Connecticut court to decide whether horses are 'vicious'
A US court is to hear a case that could result in horses being classified as a "vicious" species.
A boy's parents sued a farm owner in the state of Connecticut after he was bitten by a horse named Scuppy in 2006.
A lower court said Scuppy belonged "to a species naturally inclined to do mischief and be vicious". The state supreme court will now hear an appeal.
If upheld, the lower court's ruling could make horse ownership uninsurable, say equine industry figures.
The legal action began in 2006 after a boy tried to pet Scuppy at Glendale Farms in Milford.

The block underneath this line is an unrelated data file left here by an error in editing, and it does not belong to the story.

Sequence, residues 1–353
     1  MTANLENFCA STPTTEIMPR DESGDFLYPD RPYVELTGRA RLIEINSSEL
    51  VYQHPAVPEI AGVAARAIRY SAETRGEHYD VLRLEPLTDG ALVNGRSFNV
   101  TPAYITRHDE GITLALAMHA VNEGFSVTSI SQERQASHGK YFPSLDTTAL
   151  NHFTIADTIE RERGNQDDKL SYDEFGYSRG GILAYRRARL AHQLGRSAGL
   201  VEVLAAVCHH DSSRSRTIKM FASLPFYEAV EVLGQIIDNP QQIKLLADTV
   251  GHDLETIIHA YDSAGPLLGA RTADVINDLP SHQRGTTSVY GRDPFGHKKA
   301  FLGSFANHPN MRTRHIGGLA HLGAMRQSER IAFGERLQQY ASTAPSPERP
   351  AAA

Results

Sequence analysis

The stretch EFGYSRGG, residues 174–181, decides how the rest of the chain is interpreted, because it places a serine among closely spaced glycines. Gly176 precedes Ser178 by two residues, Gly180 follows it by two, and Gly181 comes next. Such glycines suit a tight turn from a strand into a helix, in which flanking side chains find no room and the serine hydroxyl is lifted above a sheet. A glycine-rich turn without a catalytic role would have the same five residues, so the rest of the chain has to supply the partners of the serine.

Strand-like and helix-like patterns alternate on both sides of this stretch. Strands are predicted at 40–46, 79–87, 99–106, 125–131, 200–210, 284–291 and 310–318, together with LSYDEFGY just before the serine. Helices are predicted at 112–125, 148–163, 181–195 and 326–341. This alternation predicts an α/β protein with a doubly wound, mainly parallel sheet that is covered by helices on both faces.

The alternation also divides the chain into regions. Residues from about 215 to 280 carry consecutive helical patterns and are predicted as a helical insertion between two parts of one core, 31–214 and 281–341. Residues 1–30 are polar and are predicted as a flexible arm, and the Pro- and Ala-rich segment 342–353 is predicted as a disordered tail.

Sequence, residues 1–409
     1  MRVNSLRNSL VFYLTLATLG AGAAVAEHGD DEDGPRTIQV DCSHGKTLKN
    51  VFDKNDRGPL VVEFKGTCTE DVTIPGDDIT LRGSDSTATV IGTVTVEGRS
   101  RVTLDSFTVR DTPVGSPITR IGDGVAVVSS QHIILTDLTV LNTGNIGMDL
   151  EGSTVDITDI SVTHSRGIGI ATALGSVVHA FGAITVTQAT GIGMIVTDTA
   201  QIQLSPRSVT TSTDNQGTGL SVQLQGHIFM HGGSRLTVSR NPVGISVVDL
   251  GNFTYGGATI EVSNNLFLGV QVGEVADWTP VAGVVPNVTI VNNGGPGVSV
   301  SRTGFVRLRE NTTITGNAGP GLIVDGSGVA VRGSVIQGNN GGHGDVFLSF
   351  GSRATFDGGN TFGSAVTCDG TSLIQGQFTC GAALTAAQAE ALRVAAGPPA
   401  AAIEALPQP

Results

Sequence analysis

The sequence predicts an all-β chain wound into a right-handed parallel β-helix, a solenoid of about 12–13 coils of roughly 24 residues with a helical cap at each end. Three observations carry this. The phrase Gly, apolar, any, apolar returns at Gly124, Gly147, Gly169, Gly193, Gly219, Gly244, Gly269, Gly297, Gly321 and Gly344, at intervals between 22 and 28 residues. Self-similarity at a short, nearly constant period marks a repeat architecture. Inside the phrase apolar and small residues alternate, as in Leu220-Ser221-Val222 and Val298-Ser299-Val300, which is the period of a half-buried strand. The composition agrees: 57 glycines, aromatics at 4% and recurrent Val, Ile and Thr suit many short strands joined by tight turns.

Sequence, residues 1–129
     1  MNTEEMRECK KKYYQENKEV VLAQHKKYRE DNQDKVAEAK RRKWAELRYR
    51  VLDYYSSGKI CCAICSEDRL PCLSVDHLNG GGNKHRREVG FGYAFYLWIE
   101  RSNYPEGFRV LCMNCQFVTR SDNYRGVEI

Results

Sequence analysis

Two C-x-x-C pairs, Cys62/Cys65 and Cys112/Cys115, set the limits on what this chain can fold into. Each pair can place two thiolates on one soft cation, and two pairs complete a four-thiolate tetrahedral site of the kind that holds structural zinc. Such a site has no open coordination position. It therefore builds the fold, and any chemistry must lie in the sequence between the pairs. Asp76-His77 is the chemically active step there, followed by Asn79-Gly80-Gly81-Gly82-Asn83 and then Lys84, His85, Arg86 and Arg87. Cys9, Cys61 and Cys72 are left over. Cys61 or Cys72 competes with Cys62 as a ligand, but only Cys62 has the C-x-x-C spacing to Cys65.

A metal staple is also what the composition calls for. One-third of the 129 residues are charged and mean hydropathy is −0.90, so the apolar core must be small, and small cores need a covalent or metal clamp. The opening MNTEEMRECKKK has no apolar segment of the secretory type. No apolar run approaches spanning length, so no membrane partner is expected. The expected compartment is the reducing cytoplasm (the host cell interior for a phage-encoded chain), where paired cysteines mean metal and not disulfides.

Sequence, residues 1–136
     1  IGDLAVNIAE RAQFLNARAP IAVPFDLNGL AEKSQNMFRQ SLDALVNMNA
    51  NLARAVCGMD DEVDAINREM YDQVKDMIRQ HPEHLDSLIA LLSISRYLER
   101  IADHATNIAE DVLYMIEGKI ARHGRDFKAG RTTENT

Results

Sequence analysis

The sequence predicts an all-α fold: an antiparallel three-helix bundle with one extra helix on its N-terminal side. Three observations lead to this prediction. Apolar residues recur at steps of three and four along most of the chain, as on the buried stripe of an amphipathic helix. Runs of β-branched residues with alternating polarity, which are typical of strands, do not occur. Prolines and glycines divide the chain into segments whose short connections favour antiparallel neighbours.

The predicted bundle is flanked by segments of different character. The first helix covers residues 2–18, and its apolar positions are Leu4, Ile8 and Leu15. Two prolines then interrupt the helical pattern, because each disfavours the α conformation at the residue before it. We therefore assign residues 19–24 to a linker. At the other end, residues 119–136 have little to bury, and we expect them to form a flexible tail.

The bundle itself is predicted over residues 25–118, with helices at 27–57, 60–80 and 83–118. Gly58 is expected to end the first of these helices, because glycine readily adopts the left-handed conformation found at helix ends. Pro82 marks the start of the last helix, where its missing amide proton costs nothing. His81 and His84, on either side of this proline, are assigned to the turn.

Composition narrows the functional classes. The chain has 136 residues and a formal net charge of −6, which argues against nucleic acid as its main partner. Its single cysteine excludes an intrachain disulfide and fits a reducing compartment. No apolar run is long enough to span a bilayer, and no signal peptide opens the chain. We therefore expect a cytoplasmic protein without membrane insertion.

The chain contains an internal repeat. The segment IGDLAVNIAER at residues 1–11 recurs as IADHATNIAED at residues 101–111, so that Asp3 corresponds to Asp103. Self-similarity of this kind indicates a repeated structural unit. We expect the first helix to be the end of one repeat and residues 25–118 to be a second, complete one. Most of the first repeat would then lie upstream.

The animal reportedly bit the child on his right cheek, inflicting a serious injury.
The boy's father, Anthony Vendrella, sued the farm's owners, but lost in 2010 at a New Haven court.
That court ruled there was no evidence the farm's owner knew of any previous incidents of aggression involving Scuppy.
But a Connecticut Appellate Court later overturned this ruling, finding that testimony suggested Scuppy's species was "vicious" and that the boy's injury had been foreseeable.
If upheld by the state's supreme court, the ruling would be the first in the nation to classify horses as a vicious species, say analysts.
Horse farmers say that could make it difficult to pair horses with children, and damage a $221m (£138m) a year industry.